Thursday, August 25, 2005

No, Virginia, There is No Romney Claus

Just one month ago, former Weld/Cellucci hack appointee Virginia Buckingham used her Herald Column to warn Mitt Romney not to drag down the state GOP while he goes off on his crusade to win the 2008 Republican Presidential nomination. Here is Blue Mass. Group's description of that column:

Buckingham goes on to note that Romney was elected based on his "false assertion that he was just another moderate Republican, sour on taxes, sweet on social issues," and castigates Romney's hijacking of the state party apparatus to defend his veto of the morning-after pill bill, pointing out that "setting up the state party as an attack dog against the 'professional abortion lobby' may play well in South Carolina, but it's the kiss of death here." It's hard to imagine the state GOP sinking further into irrelevance than it already is, but Buckingham is clearly scared that Romney will find a way.
Some pretty harsh words. On Thursday, however, she was singing a different tune, planting a big wet kiss to the Governor in the pages of the Herald. Now, she says, despite all of his posturing, Romney is a shoo-in to be reelected, should he choose to run. What changed in that month? Who knows. Maybe some of Buckingham's old friends took her to the proverbial woodshed for disloyalty. Or maybe she just realized that without Romney, the GOP savior of 2006 is none other than Kerry Healey. Anyway, here are some of her salient points:
[H]e'd have to promise to serve out his term, to stop the Democrats from bludgeoning him with the "he's outta here" mantra.
Now, maybe I'm naive, but I think that by now voters in Massachusetts have realized exactly how much a promise from Mitt Romney is worth. Heck, we noted earlier this month that even conservatives think he's "too opportunistic to be trusted". Romney has already moved his focus so far out of state that any promise is going to be met with skepticism and Democrats are certainly going to take advantage of that.
Where Democrats envision balloons falling and election night acceptance speeches when they see polls like that reported in the Boston Globe last Sunday, the ought to see trouble. Attorney General Tom Reilly leads Romney 51 percent to 38 percent and Romney's job approval rating hovers at 50 percent. But given the beating Romney has taken for his national wanderlust and conservative tacking, he's in pretty good shape.
Let me get this straight. An incumbent governor polling at 38% against a well-liked, well-known state figure is in "pretty good shape"? Sure, Romney can take some comfort in his approval ratings, but what good is approval if it doesn't translate into votes? Don't forget, it was the pollster at UNH who said "There is nothing positive for him here in Massachusetts," not the Democrats. That's not spin.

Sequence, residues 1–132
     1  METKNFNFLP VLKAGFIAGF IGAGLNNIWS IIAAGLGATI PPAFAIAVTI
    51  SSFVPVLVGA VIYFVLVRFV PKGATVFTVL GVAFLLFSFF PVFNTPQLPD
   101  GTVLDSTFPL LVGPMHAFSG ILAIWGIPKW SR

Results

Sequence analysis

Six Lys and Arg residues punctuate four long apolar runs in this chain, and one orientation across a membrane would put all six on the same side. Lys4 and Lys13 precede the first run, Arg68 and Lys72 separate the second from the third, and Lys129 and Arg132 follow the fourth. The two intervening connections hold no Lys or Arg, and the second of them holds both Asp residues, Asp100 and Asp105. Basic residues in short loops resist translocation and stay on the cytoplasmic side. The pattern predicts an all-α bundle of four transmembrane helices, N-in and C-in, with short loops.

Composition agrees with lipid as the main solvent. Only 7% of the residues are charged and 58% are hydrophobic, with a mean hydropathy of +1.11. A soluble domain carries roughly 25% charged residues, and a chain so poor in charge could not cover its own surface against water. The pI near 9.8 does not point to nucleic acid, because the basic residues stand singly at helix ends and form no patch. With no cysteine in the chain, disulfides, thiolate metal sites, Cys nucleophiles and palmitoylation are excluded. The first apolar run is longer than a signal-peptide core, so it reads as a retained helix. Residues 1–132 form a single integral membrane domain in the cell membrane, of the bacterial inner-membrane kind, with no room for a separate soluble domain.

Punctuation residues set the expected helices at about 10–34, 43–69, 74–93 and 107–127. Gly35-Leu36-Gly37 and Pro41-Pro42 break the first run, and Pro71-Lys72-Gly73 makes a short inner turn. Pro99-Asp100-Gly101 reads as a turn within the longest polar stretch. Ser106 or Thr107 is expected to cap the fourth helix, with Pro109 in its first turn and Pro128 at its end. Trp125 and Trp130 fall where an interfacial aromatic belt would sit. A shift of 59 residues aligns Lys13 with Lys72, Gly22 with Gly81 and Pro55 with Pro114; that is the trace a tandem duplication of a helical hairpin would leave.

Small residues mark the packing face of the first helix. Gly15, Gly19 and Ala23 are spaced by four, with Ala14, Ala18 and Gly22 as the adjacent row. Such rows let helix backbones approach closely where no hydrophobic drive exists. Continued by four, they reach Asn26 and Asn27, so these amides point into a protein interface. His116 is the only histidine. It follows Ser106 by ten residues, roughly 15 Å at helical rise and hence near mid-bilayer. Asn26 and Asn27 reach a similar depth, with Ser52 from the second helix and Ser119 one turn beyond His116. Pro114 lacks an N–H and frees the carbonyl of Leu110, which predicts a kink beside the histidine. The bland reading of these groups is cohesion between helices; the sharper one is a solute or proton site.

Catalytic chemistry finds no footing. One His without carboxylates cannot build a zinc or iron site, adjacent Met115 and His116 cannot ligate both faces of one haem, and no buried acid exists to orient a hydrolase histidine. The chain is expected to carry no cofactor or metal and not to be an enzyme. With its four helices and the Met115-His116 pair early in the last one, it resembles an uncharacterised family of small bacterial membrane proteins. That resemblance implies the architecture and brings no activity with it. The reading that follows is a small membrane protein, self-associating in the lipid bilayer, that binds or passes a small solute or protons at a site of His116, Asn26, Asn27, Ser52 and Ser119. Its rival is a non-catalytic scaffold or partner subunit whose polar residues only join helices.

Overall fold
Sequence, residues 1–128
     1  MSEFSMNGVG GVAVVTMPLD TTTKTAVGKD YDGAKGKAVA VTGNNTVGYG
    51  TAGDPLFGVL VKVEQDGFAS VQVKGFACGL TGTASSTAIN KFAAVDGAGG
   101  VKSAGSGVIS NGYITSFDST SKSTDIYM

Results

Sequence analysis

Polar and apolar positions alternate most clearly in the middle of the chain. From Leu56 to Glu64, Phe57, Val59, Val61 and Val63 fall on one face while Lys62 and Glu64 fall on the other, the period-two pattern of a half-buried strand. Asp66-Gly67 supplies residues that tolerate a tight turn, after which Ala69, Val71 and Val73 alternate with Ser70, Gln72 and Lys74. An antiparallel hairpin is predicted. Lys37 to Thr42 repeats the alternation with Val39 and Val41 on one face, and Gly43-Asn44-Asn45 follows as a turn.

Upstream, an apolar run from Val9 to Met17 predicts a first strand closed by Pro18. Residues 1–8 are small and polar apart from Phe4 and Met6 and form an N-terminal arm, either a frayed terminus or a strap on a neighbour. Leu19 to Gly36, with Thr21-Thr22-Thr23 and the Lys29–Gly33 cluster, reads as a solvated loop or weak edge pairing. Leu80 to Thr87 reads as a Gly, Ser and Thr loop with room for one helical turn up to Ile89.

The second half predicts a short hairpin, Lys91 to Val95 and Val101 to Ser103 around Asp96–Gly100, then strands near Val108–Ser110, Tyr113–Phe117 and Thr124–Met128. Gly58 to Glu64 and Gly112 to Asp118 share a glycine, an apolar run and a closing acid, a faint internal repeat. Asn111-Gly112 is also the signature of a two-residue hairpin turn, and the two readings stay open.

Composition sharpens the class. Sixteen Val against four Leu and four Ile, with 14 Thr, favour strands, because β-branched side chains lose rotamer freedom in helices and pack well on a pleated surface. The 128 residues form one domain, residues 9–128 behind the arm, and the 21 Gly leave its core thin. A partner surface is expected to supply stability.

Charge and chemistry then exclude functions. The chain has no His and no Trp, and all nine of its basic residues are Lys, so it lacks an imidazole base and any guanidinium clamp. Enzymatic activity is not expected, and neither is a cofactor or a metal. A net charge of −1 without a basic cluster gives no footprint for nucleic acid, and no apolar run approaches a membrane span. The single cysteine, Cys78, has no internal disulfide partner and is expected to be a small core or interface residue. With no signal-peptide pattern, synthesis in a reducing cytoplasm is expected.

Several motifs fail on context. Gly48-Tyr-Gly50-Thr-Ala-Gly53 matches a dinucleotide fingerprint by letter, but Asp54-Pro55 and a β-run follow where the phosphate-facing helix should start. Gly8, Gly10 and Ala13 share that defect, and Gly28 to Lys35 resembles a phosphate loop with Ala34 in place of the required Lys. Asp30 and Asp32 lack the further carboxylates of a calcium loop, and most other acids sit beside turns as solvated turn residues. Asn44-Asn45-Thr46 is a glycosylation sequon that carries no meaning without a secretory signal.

Remember the overwhelming ballot question vote to end bilingual education? I suspect a similar margin would undo same-sex marriage should voters ever have the opportunity to vote on it. These are Romney voters.
That may be the case, but don't forget that Romney is now against the ballot question that may potentially appear on the 2006 ballot. That's the same position that MassEquality has. The ballot measure that Romney wants won't appear until 2008. Guess who won't be on the ballot for governor then. If you said Mitt Romney, you'd be right!
Romney hasn't completely alienated those moderate suburbanites who gave him his victory margin in 2002 either. Yes, they're pro-choice and comfortable with the same-sex couple raising kids down the street, but they're getting a whopping property tax bill... These are Romney voters, too.
There are two things wrong with this. First of all having a pro-choice governor is going to be more and more important as the Supreme Court gets more conservative under Bush. Convincing the pro-choice voters of Massachusetts that it matters whether the governor believes in reproductive rights and the larger right to privacy should be an easy job for the Democratic candidate. As for property taxes, how much power does the Governor have to effect those? He can lower them by increasing local aid to communities. In which direction has local aid gone under Romney's leadership? In which direction have property taxes gone after fifteen years of Republican governors? Romney has been balancing the budget on the backs of our cities and towns, where the only recourse to make up the shortfall is to raise local taxes.

The fact of the matter is that Romney doesn't have a record to run on, and Buckingham even admits this in her article. "He hasn't done anything great," she writes, "but he hasn't done anything bad, either." What a great campaign slogan that will make. Vote Romney: He hasn't done anything bad yet!